Saturday, December 27, 2008

Book 10: Foundation and Earth by Isaac Asimov

Foundation and Earth by Isaac Asimov.

Pages: 494.

How it was obtained: I purchased it from when I started reading the Foundation Series.

Time spent on the "to read" shelf: 3 years.

Days spent reading it: 4 days.

Why I read it: I started reading the Foundation series a few years ago. I made it through the first 4 books and this was the next book in the series (in order of copyright).

Brief review:
Let me start off by saying, I LOVED the first 3 Foundation books, especially the first one (simply called Foundation). Isaac Asimov creates interesting situations that his characters must resolve, and they usually do so with interesting insights. Asimov wrote the first 3 books as a series of short stories, and they were later compiled into what became the Foundation trilogy. I would highly recommend those to anyone who enjoys a truly unique story.

Having said that, books 4 and 5 were different. Instead of being short stories, they were true novels. They stayed with the same characters the whole time. I personally think the characters are flat and boring. Asimov's strength is not characters but dilemmas. Unfortunately book 4 (Foundation's Edge) does not have enough dilemma in it, and almost turned me off from the rest of the series. I also really did not like how it ended. However, Foundation and Earth returned to Asimov writing more in short story format, even though he stays with the same characters, the story is revealed as they leapfrog from planet to planet in search of Earth.

I will not give away the plot, but it would say it was a decent story. Not the best in the series, but not as disappointing as Foundation's Edge. The conclusion felt a little awkward and forced. Asimov did some strange things with this series as it progressed forward. I think he wanted to make it seem like his writings as a whole were more planned out and connected than he originally intended. In the end it seems gimmicky. I'm sure there are some Asimov fans who enjoy the connections, but I would not number myself among them.

Overall, I would recommend this book to the fans of the Foundation series, but slugging through Foundation's Edge along with Foundation and Earth means reading nearly 1,000 pages of frankly sub-par Asimov. For reader's interested in something truly unique--check out Foundation, it really is superior. But realize that the first book (which is awesome) is the best it gets.

Stars: 2 out of 5.

Final Word:

Wednesday, December 17, 2008

Book 9: Prometheus Bound by Aeschylus

Title:  Prometheus Bound by Aeschylus, translated by James Scully and C. John Herington

Pages:  117 total.  The play itself consists of about 54 pages.

How it was obtained:  I don't remember.  I got it used somehow, from either a library or the used book store in Columbia before we moved.  I think it was the used book store.

Time spent on the "to read" shelf:  A year or two.

Days spent reading it:  1 day.

Why I read it:  I actually liked the Greek tragedies we read in High School.  I also think that Prometheus is an interesting character, so I thought this play might be interesting.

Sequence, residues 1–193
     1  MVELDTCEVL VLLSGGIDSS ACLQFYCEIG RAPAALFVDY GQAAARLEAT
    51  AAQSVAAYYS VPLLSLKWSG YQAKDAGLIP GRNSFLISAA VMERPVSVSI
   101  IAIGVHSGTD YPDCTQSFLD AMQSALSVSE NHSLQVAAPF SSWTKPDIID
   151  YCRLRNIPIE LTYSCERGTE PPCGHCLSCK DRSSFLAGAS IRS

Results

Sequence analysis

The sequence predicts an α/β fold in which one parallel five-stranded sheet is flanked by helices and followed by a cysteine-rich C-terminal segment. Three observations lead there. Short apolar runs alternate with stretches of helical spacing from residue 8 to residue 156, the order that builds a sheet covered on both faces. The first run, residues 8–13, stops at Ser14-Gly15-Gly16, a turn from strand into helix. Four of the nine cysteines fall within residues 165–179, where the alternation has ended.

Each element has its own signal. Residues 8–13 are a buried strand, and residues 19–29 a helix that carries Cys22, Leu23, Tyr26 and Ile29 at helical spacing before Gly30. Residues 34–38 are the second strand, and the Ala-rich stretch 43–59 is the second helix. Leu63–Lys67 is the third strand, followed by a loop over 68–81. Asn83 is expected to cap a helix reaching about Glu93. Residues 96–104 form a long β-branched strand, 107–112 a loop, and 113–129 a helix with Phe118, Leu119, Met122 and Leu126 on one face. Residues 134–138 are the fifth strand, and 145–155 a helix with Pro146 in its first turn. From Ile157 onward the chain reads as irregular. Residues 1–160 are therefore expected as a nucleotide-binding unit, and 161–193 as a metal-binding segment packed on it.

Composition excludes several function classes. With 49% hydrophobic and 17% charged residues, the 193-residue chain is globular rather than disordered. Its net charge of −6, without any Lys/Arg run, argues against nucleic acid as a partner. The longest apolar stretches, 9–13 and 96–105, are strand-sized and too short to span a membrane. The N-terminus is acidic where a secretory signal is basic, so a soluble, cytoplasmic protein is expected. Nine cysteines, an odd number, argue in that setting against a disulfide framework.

Brief review:
I really liked this play.  In the beginning of the story Prometheus is bound by Hephaistos to a rock to serve as his punishment for giving mankind fire.  Prometheus has a number of conversations with people as they wander by in their travels.  These make up the major movements of the play.

The themes of his conversations include:  Suffering, usurping power, tyranny, human culture, hope, civil disobedience, restoration, fate, brute force vs. cunning thought, and a host of other themes.

Some interesting elements about Prometheus in Greek mythology:  

Prometheus is the god who stole fire from Zeus and gave it to humanity.  Fire seems to also include self awareness and human culture, because that's what else Prometheus claims to have given to mankind.  Prometheus also claims mankind once foresaw their own deaths, but that he overcame their visions by giving them the gift of hope.

Prometheus Bound is apparently a part of a trilogy.  We only have scraps from what was perhaps the sequel, Prometheus Unbound.  It is a shame that we will never see the full story arch that Aeschylus prepared for Prometheus.

I enjoyed this short play.  If you enjoy Greek drama, this is a must read.  If you do not appreciate Greek drama, this one will probably not warm your hearts to it.  Further, I appreciated the notes and introduction to this play as well.  I read them after I read the play, and felt like they enhanced my experience of reading instead of bogging it down.  This was one play I am glad I got the chance to read for myself.

Favorite quote:  It's easy enough for the bystander, who's not bogged down in sorrow, to advise and warn the one who suffers.  Myself, I knew all this and knew it all along.  Still, I meant to be wrong.  I knew what I was doing.  Helping humankind I helped myself to misery.

Stars: 4 out of 5.

Final Word:  Captivating.

Connecting by Paul Stanley and J. Robert Clinton

Title:  Connecting:  The Mentoring Relationships You Need to Succeed in Life by Paul Stanley and J. Robert Clinton


How it was obtained:  
Ordered from Amazon for my missions course.

Time spent on the "to read" shelf:  0.  I had to read it right away to write a report on it.

Days spent reading it:  1 day.  Blitzed through this one.

Why I read it:  I had to read this book for a missions course I am taking.  This book was assigned in regards to the need for people to connect with mentors at different periods in their life.

Brief review:  I have read this book before for another class before, but picked up more from it this time through.  There are two ideas I really liked in this book.

First, Stanley and Clinton talk about a Constellation Model of Mentoring relationships.  It looks something like this: